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Lightless is a psychologically driven novel that focuses on its characters more than anything else, so if you prefer your space operas fast and furious, this book may prove to be too slow for your speed. The story unfolds layers at a time as readers try to piece together what’s real and what’s not as the characters wage psychological warfare against one another. As the story soldiers on, you begin to see frayed edges of the main characters–their weaknesses, their prejudices, their fatal flaws. Despite their beliefs that they’re good at what they do, they fall apart. The ship’s continuing problems further aggravates this by playing into the familiar theme of man versus machine, which creates a tense backdrop that culminates to a chaotic, explosive end. Higgins employs the laws of thermodynamics to frame this narrative, using it to allude to the environment on the ship and the interactions of the characters with one another, their interactions with the galaxy/power structure at large, and their interactions with the ship itself.
"The amount of work done in one direction is the same as the amount of heat transferred in the other, or, the internal energy of an isolated system is constant. Because of this, a perpetual motion machine cannot exist, and all systems come to an end."
As interesting as this deconstruction of her characters was, and while I certainly understand why she went the direction she did with some characters, it didn’t stop me from feeling as if certain characters were a joke, a really bad joke. There were moments when I just felt these characters were completely incompetent and stupid, but that could go hand-in-hand with the overestimation of their abilities. However, I enjoyed this story, so I can forgive that.
Now, this book does suffer from being a bit too “talk-y.” I would expect a story like this to be more action oriented, to really capitalize on the claustrophobic, isolated feel of the setting, but a large portion of this book revolves around two characters conversing around the sections of the novel that focus on Althea and the ship. There’s nothing wrong with that, but in this case, it made the story feel tedious at times. There had to be better ways to convey the information they exchanged than to have two characters literally sitting in a room together going back and forward for a huge chunk of the novel. While I love a good psychological story, I expected much more to happen in this story than what actually happened. In fact, I feel like the last third of the book is where the pace really picked up and showcased the best of this story.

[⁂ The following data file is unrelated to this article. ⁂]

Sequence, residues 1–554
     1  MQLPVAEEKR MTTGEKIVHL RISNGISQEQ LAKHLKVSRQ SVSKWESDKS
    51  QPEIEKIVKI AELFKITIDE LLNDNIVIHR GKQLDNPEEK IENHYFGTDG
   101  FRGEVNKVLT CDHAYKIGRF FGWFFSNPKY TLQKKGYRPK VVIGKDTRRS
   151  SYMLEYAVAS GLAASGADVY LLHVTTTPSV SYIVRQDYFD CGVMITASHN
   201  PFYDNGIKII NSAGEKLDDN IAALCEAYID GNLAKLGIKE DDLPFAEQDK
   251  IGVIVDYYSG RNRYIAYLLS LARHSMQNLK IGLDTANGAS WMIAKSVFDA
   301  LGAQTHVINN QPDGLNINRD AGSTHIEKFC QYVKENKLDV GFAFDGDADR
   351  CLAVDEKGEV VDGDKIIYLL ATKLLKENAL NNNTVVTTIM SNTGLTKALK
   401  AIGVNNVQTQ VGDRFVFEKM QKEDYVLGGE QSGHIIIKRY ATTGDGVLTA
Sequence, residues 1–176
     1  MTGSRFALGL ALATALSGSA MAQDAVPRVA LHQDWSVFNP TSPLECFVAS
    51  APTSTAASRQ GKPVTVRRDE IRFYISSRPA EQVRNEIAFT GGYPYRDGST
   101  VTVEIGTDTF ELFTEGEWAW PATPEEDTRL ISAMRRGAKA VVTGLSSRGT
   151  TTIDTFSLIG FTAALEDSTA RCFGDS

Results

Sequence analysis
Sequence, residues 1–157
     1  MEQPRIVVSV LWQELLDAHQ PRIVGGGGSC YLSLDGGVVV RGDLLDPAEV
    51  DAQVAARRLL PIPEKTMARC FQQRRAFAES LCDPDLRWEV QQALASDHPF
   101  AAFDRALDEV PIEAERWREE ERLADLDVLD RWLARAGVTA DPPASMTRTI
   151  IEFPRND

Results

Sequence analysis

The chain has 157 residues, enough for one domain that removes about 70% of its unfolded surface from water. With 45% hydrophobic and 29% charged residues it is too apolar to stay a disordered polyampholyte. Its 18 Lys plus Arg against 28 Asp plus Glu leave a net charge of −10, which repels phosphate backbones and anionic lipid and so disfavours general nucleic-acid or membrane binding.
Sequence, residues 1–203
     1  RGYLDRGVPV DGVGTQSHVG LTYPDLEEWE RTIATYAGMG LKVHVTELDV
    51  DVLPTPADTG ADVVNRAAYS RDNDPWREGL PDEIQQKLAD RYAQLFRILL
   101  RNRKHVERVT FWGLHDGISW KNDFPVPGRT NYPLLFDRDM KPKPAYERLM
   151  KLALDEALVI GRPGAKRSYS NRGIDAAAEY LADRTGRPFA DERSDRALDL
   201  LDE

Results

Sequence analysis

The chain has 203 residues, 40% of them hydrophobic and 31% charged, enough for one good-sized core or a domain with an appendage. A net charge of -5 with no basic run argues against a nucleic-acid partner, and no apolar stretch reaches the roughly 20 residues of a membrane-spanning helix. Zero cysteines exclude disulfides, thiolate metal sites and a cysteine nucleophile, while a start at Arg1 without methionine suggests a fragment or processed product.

Fiona Hardingham narrated the story with the kind of straightforwardness you’d expect from a novel in this vein. While most of her men sounded largely the same, she did an excellent job with the female characters’ voices, especially a cold, calculated character named Ida Stays.
If you don’t enjoy “hard” science fiction, don’t fret. Aside from these brief passages about the laws of thermodynamics, the science in this novel is easy to grasp. The science is almost secondary to the conflict. Higgins has created an absorbing and thoughtful read with Lightless. Sabotage, intrigue, and terrorism meets loyalty, freedom, and even a hint of humor in this story. I’m definitely looking forward to visiting this universe again in Supernova, especially to see if we’ll be diving into the larger conflict now that we’ve established the characters.
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Absolutely loved this book, though I am having a hard time figuring out exactly why. It grabbed me from the beginning and is something of a psychological thriller and character study. However, for all its tense anticipation, the tenseness is ratcheted by narrative and talk 90% of the time, with only about 10% action. Despite this, it does not feel dull, it somehow moves forward and brings you with it. In a nutshell, the story is about a cutting edge, military space ship called the Ananke, its three crew members, two intruders, and a governmental intelligence agent determined to uncover a larger sedition plot. The world is a future one where humanity has spread to various bodies in the solar systems (both planets and moons), and a central government based on earth (called The System) relies on intrusive and nearly complete surveillance to keep order. The book bounces its points of view to various characters, though mostly concentrates on Althea (one of the three crew members, who feels more strongly about the Ananke's computer system than she does about people) and Ida Stays (the intelligence agent who hides her sociopathy well and is single-mindedly focused on bringing down an arch terrorist). The book is largely told through Althea's attempts to fix the malfunctioning computer (which went awry when one of the two intruders put a virus in it), and the interrogation of the second intruder by Ida Stays. The first of a planned trilogy and highly recommended.
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